If you find this blog post or any other posts in this series useful, I encourage you to sign up for Linode using my referral link. If you choose to use the referral link, thank you! 🎉   If you’d rather not, no worries! 😎  I hope you still find this information useful.

Provisioning a server

After you create an account, you’ll need to provision a server. Linode actually has really good documentation for how to get started, so I recommend that you follow the instructions in their documentation for provisioning a server.

I’d recommend that you choose to use the most recent version of Ubuntu, which is one of the more popular versions of Linux.

Connecting to and configuring the server

The following instructions are largely taken out of the “Getting Started with Linode” guide. Especially if this blog post is old, I’d recommend that you simply read that guide.

However, since the guide tries to be generic for all possible operating systems, I’ve pulled out the instructions for Ubuntu and put them in this blog post in an effort to be more helpful and condense the information that you need in order to get started. Moreover, you’ll minimally need to read the end of this blog post where you learn which port you’ll need to open up for incoming connections for psiTurk.

Anyway, once you’ve provisioned and booted up your server from the Linode interface, you’ll want to connect using SSH. SSH is a protocol for connecting from one computer to another, using the command line.

In order to connect, you’ll need to know the IP address of your Linode server, which you can find from the Linode website:

Find your Linode server's IP address

In the example image shown, you’ll want to use the IPv4 address, which is 96.126.109.54. Of course, you’ll want to use the address you see in your browser, not the address from this image!

To connect to your new server, open a command line and run the command, replacing the 0’s with the IP address of your server:

ssh root@00.000.000.00

You’ll be given an authenticity warning, to which you should answer yes. Then, you’ll be prompted for a password. Enter the password for the root user that you created in the provisioning process.

Now, the first thing you’ll want to do to configure the server is install software updates. You can do this on Ubuntu by running the following commands:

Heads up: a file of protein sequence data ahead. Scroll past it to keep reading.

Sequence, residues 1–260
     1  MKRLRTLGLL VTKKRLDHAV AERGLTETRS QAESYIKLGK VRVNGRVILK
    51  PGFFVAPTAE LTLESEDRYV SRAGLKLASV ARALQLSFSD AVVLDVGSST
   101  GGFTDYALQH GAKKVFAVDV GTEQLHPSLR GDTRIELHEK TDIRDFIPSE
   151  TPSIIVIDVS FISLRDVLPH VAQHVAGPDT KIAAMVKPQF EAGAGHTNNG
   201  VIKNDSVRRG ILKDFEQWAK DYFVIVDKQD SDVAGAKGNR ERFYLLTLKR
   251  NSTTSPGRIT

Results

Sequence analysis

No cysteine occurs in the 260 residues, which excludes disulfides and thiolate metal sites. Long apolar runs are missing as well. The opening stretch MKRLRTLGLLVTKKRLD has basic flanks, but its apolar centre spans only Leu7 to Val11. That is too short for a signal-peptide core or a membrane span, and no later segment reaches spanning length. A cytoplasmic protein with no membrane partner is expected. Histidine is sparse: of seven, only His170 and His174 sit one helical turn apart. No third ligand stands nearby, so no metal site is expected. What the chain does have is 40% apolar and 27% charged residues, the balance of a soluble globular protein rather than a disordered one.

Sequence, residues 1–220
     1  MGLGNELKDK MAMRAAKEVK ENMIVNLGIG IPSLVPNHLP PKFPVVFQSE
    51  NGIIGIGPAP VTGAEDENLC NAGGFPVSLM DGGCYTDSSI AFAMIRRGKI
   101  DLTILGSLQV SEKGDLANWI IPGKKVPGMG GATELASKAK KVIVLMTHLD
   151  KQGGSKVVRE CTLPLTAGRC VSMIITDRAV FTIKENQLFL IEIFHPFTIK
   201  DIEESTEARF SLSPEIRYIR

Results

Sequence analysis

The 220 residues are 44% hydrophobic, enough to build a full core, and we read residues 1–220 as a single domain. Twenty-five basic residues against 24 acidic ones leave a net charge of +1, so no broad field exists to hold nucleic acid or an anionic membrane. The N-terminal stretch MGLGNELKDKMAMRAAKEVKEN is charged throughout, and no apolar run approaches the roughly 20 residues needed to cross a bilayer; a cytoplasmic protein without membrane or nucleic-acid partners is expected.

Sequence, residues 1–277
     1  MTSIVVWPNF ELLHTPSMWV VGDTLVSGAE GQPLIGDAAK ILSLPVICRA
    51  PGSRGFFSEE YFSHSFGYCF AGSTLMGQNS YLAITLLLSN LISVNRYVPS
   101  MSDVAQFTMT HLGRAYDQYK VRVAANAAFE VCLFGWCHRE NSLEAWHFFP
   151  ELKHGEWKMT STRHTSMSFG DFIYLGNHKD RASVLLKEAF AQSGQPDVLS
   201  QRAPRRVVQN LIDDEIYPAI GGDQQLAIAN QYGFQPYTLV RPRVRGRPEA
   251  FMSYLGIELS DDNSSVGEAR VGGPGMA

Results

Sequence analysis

apt-get update -y && apt-get upgrade -y

Next, you’ll need to set the hostname of the computer. If you’re using a version of Ubuntu equal to or more recent than 15.04, you can do this with the following command, replacing giraffe with whatever you want the name of your server to be:2

hostnamectl set-hostname giraffe

After this, you can also set up the correct timezone using the command:

dpkg-reconfigure tzdata

Securing your server

You’ll also want to do some work to secure your server. The following is also largely taken from the Linode documentation for “Securing Your Server”, but I’ve pulled out just the parts that are relevant for Ubuntu. Again, however, if you’re reading this far in the future, you may wish to refer to the Linode documentation directly.

You’ll first want to create a non-root user, which you can do with the following command, replacing your_username with whatever user name you want:

adduser your_username

You’ll then want to add the user to the sudo group, replacing your_username with the name of the user that you just created:

adduser your_username sudo

Next, you need to do some things on your personal computer, so disconnect from the server:

exit

Currently, you can connect to the server using the password of the user that you just created, but it’s safer to only allow access with SSH keys, not passwords.

To do this, you’ll want to create an SSH keypair on your personal computer. This creates two files: a public key and a private key. You’ll want to upload the public key to your server, and you’ll want to keep the private key safe on your computer.

To create the keypair, use the following commands on your personal computer (not the server!), replacing COMMENT HERE with a comment of your choice (such as the name of your personal computer):

mkdir -p ~/.ssh
chmod 700 ~/.ssh
ssh-keygen -t rsa -b 4096 -C "COMMENT HERE"

The ssh-keygen command will prompt you for some information, including where to save the keypair and what passphrase to give the keypair. The passphrase is used to unlock your private key, which is stored in an encrypted format on disk. Choose a strong passphrase, and I’d recommend using the default location for the keypair of ~/.ssh/id_rsa. This will save the public key to the file ~/.ssh/id_rsa.pub, and the private key to the file ~/.ssh/id_rsa.

Next, you’ll need to reconnect to the Linode server so you can upload your public key, replacing your_username with the name of the user you created and the 0’s with the IP address of your server: